The objective of this project was to develop a technology platform for structural dynamic analysis that integrates fatigue analysis and acoustic radiation prediction with vibration analysis.
Acoustic radiation, dynamic fatigue and vibrations are frequently interrelated aspects in the structural dynamics optimization of cars. Realistic assessment of these phenomena is only possible after development of first prototypes at a stage where large design modifications are only implemented at considerable expense. For acoustic radiation prediction, techniques based on the boundary element method (BEM) are promising but several aspects remain to be improved: the solution to the coupled fluid structure problem, modelling of specific boundary conditions and proper simulation of excitation. Methodology for traditional fatigue analysis is well developed for predictions based on crack initiation, but less for the crack growth case. The methodology is applied at the stage when first prototypes are available. The underlying relation between fatigue and structural vibrations is rarely developed at all, even in the prototype optimization phase. As a consequence, the effect of structural dynamics modifications on the fatigue behaviour is not understood. The project develops improved methods for acoustic radiation prediction and fatigue analysis, including the relation with structure vibration models. The technology is implemented in a computer assisted engineering (CAE) software architecture that is designed for UNIX computer workstations. Progress was made in each of the addressed technology domains: improved crack initiation and crack growth based fatigue analysers; extended element types, boundary conditions and acoustic sources for acoustic radiation prediction and improved operating vibration data analysis techniques. The basic methodology for integratingstructural modelling with both fatigue analysis and noise prediction was spelled out and the development initiated. For fatigue analysis, this mainly involves the modelling and quantification of the effect of resonance induced strains on the lifetime, enabling the prediction of appropriate design modifications. For a coustic radiation, this involves the coupling of the structural models with the acoustic BEM models. A prototype integration, including all required interfaces, was realised. An extensive test program, to relate modelling with experimental results for a set of laboratory systems was defined and initiated. The definition of the required open system architecture, based on a standardised user interface approach was completed and the development of the necessary platform building blocks started.
The prototype of the platform software is targeted at engineering workstations, using advanced user interfaces and data management techniques, with interfaces to existing CAD and FEM systems and to experimental analysis programs for vibration analysis data. The integrated platform allows interaction between designers and experimenters at an early stage in the design process. The project aimed to achieve:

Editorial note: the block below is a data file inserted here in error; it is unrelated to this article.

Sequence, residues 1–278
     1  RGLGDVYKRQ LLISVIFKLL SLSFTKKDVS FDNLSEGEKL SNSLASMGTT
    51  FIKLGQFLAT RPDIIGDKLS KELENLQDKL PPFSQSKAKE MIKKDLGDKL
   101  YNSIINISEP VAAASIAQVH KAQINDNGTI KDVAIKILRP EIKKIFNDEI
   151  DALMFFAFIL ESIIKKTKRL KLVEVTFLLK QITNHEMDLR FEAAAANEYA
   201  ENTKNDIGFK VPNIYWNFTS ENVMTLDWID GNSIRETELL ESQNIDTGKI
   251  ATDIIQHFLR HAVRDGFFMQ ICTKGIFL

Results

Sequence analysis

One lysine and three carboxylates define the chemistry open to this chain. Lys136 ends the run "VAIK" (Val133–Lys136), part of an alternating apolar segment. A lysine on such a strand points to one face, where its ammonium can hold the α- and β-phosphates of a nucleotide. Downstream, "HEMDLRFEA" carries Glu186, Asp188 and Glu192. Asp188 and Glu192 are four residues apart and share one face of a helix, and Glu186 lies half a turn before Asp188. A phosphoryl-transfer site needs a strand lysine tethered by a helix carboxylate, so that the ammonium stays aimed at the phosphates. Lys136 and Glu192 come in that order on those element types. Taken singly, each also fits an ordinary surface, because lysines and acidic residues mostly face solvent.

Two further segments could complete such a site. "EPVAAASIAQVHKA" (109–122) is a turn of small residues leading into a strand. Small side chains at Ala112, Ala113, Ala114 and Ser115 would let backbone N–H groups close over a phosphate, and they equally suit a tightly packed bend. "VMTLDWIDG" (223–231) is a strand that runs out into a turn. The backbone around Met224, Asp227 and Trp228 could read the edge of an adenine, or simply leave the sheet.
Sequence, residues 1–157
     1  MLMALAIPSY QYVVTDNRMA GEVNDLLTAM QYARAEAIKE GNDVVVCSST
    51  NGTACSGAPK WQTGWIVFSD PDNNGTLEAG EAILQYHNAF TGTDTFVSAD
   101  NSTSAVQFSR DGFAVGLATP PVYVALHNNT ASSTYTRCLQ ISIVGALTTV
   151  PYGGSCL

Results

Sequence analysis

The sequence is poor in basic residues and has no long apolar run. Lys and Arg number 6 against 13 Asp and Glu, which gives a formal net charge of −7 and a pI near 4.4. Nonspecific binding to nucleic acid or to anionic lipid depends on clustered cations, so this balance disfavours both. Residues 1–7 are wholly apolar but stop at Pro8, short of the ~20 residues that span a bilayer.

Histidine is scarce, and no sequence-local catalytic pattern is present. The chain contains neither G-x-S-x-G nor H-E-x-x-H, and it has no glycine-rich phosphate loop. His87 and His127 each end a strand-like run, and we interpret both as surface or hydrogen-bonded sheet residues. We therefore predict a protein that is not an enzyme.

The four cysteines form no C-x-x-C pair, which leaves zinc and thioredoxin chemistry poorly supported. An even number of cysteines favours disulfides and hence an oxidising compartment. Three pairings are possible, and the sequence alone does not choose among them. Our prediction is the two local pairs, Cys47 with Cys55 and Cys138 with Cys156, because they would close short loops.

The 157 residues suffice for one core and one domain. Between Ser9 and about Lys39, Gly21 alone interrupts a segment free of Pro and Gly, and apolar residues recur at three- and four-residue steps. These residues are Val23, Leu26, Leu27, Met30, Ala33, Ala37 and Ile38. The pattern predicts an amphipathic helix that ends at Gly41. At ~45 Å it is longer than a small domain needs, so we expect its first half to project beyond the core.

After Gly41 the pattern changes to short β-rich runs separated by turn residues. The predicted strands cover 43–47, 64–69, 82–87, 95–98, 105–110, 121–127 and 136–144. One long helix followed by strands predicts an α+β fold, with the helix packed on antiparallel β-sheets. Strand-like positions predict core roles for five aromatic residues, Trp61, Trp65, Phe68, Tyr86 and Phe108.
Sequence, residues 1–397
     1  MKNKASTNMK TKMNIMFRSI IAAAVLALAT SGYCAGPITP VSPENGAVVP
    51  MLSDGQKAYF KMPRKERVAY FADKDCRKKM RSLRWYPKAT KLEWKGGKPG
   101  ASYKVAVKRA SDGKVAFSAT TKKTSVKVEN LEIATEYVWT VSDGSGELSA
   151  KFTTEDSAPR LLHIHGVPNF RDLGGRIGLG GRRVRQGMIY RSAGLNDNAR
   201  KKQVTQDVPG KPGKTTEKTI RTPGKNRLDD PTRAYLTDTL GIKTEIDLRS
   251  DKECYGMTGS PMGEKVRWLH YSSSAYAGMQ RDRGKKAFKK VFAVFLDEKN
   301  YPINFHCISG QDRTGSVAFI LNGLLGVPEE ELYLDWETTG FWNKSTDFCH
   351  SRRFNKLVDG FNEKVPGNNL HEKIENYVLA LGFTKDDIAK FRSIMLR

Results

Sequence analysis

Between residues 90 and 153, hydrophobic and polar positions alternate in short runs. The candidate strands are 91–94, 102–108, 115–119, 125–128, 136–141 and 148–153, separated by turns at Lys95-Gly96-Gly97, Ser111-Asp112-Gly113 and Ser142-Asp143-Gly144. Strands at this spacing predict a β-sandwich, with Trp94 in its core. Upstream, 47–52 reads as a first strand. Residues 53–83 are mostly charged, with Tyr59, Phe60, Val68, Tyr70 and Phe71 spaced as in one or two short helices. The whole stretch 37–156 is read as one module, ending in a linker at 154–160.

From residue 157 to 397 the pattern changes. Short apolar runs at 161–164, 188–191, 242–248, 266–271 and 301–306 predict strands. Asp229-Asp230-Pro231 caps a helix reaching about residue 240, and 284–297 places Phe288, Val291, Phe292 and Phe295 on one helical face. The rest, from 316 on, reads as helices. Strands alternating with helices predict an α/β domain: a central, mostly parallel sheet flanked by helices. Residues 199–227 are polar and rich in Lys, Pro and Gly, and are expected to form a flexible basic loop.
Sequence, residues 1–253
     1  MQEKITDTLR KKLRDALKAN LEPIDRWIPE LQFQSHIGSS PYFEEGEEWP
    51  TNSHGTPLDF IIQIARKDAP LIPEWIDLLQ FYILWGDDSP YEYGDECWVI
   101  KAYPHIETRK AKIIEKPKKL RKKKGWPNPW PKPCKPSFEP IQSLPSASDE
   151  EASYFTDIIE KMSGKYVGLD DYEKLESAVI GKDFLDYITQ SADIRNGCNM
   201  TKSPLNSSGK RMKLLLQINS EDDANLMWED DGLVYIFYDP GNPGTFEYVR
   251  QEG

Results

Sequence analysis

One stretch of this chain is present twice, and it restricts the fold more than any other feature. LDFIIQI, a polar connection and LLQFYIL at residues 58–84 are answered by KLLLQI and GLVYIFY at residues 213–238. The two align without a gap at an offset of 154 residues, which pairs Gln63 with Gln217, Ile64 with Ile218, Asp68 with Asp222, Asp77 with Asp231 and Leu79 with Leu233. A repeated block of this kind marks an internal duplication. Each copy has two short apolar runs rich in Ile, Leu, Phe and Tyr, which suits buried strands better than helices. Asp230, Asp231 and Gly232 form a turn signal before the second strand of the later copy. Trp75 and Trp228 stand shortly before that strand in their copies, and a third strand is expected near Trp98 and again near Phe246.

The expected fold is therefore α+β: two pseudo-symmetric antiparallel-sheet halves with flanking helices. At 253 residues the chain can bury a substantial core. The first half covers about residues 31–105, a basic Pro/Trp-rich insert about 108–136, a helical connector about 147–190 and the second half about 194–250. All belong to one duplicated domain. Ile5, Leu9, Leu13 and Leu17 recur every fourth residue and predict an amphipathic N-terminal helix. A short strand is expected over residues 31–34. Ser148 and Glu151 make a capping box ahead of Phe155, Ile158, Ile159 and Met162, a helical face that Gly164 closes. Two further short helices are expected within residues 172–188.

- the extension of fatigue life estimation methods and their integration with vibration analysis and test
- the extension of acoustic radiation prediction techniques and their integration with vibration analysis and test
- the development of technical modelling techniques with respect to fatigue analysis and acoustic radiation prediction and their integration with geometric modelling
- the enhancement of vibration analysis techniques in view of specific requirements for fatigue analysis and acoustic radiation prediction.
Developments have been validated in conjunction with major manufacturers in the automotive industry.
The methodology and tools developed will have important applications in the automotive and aerospace industries and in the mechanical engineering industry in general. The following benefits are expected:
- superior products in terms of improved dynamic characteristics (reduced vibration and noise emission, improved fatigue life)
- shortened design cycles, since products with improved dynamic characteristics will require less prototype testing and trouble shooting in later phases of the design process
- higher degree of flexibility, as an improved understanding of the dynamics of the product will enable the prediction of the effects of design changes and the forecasting of the performance of variations of a new product (eg cars with different engines, gear transmissions, etc).
The results of the development will be made available as commercial products by the IT project partners.
S9 3OQ Sheffield